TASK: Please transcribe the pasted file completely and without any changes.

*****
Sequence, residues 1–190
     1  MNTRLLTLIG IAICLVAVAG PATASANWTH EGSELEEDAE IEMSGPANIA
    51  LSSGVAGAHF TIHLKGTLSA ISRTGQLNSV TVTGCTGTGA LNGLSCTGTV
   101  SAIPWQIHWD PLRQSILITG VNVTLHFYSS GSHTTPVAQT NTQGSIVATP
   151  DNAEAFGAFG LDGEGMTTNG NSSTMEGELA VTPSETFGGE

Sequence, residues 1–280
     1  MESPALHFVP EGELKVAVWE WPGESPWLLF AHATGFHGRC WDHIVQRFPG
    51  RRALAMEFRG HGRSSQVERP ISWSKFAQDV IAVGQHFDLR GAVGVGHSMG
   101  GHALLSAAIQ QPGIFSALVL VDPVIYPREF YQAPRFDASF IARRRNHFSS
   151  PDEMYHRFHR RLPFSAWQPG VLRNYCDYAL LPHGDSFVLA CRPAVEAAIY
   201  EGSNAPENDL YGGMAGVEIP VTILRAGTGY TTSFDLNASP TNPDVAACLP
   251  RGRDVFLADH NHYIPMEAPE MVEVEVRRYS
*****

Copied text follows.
Sequence, residues 1–190
     1  MNTRLLTLIG IAICLVAVAG PATASANWTH EGSELEEDAE IEMSGPANIA
    51  LSSGVAGAHF TIHLKGTLSA ISRTGQLNSV TVTGCTGTGA LNGLSCTGTV
   101  SAIPWQIHWD PLRQSILITG VNVTLHFYSS GSHTTPVAQT NTQGSIVATP
   151  DNAEAFGAFG LDGEGMTTNG NSSTMEGELA VTPSETFGGE

Sequence, residues 1–280
     1  MESPALHFVP EGELKVAVWE WPGESPWLLF AHATGFHGRC WDHIVQRFPG
    51  RRALAMEFRG HGRSSQVERP ISWSKFAQDV IAVGQHFDLR GAVGVGHSMG
   101  GHALLSAAIQ QPGIFSALVL VDPVIYPREF YQAPRFDASF IARRRNHFSS
   151  PDEMYHRFHR RLPFSAWQPG VLRNYCDYAL LPHGDSFVLA CRPAVEAAIY
   201  EGSNAPENDL YGGMAGVEIP VTILRAGTGY TTSFDLNASP TNPDVAACLP
   251  RGRDVFLADH NHYIPMEAPE MVEVEVRRYS